Hacker Shows How to Remotely Unlock & Start Teslas!
Customers may appreciate Tesla Inc.‘s convenient keyless entry system, but one cybersecurity hacker has shown how the same technology may allow crooks to steal specific Tesla models.
According to Sultan Qasim Khan, a lead security expert at Manchester, UK-based security firm NCC Group, a hack effective on Tesla Model 3 and Y electric vehicles would let a burglar unlock a vehicle, activate it, and race away. Hackers can trick the vehicle’s entry system into believing the owner is actually nearby by diverting connections between the owner’s phone or key fob and the automobile.
Khan claims that the hack isn’t unique to Tesla, but he did show the technique on one of the company’s vehicles. It’s actually the result of his experience with Tesla’s keyless entry system, which uses the Bluetooth Low Energy (BLE) protocol.
There’s no proof that the breach was exploited to gain unauthorized access to Tesla automobiles. A request for information from the automaker was not returned. According to an NCC official, the company sent a memo to its clients on Sunday detailing its findings.
Khan stated that he informed Tesla about the possibility of a cyber-attack, but the business management did not believe the threat was severe. According to Khan, the company would have to upgrade its hardware and keyless entry technology to remedy the problem. Another security researcher, David Colombo, recently revealed a means to control several functions in Tesla cars, including opening and closing doors and regulating music volume.
According to Khan, the BLE protocol was created to make it easier to connect gadgets over the internet, but it’s also become a means that hackers use to unlock smart technology such as house locks, vehicles, phones, and computers. The NCC Group said it was able to carry out the attack on the devices of many additional automakers and technology firms.
The same problem affects Kwikset Corp. Kevo smart locks that employ keyless systems with iPhone or Android phones, Khan added. Customers who use an iPhone to access the lock may enable two-factor authentication in the lock app, according to Kwikset. The iPhone-operated locks also feature a 30-second timeout, according to a spokeswoman, which helps prevent infiltration.
The Kwikset Android app will be updated in the summer, according to the manufacturer.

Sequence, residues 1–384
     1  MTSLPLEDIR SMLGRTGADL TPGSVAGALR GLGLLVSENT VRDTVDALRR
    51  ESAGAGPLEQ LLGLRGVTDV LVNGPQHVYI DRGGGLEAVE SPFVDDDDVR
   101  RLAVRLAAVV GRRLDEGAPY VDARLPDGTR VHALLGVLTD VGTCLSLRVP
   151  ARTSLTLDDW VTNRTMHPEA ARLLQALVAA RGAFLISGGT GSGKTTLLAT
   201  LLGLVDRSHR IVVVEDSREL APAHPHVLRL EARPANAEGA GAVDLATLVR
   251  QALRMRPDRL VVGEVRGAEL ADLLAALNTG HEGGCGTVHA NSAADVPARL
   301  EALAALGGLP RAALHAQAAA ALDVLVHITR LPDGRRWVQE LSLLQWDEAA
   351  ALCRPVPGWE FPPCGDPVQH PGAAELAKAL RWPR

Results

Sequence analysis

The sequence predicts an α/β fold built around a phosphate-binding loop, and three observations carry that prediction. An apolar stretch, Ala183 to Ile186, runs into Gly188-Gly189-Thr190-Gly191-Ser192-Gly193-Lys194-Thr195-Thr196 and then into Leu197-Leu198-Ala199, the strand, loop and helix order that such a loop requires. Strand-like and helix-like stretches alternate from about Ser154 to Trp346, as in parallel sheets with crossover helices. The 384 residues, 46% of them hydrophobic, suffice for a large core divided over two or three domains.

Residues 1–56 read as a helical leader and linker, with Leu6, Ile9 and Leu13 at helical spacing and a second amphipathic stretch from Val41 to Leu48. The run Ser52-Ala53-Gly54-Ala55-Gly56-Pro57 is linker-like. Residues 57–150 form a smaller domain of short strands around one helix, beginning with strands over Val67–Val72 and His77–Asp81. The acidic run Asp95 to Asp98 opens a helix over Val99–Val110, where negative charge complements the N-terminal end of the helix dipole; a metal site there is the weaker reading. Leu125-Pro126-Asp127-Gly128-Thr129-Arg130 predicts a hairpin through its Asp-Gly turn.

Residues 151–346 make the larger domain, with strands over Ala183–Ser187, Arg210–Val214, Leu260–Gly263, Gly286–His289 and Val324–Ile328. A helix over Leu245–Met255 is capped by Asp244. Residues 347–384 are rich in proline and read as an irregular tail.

The SIG also offers developers resources to help them implement the appropriate level of security in their Bluetooth products and a vulnerability response program that collaborates with the security research community to address vulnerabilities identified in Bluetooth specifications responsibly.
Khan is the developer of Sniffle, the first open-source Bluetooth 5 sniffer, and has discovered multiple vulnerabilities in NCC Group client products. Sniffers can follow Bluetooth signals and assist in device identification. Government highway authorities frequently employ them to anonymously monitor cars passing through metropolitan areas.
According to a 2019 investigation by Which, a British consumer organization, over 200 automobile types are vulnerable to keyless theft, which uses similar but slightly distinct assault methods such as faking wifi or radio signals.
Khan demonstrated a so-called relay attack, in which a hacker uses two small hardware devices to transfer messages. Khan installed one relay device within 15 yards of the Tesla owner‘s smartphone or key fob, and a second near the car, both linked to his laptop. Khan has created a unique computer code for Bluetooth development kits, which are available for less than $50 on the internet.
The required hardware, in addition to Khan’s bespoke software, costs around $100 and can be easily obtained online. Khan claims the hack only takes 10s after the relays are set up.
Sultan Qasim Khan said that If the owner’s phone was at home, an attacker might go up to any home at night with a Bluetooth passive entry vehicle parked outside and use this attack to unlock and start the vehicle. He added that the hacker can send commands from anywhere in the world once the device is placed near the fob or phone.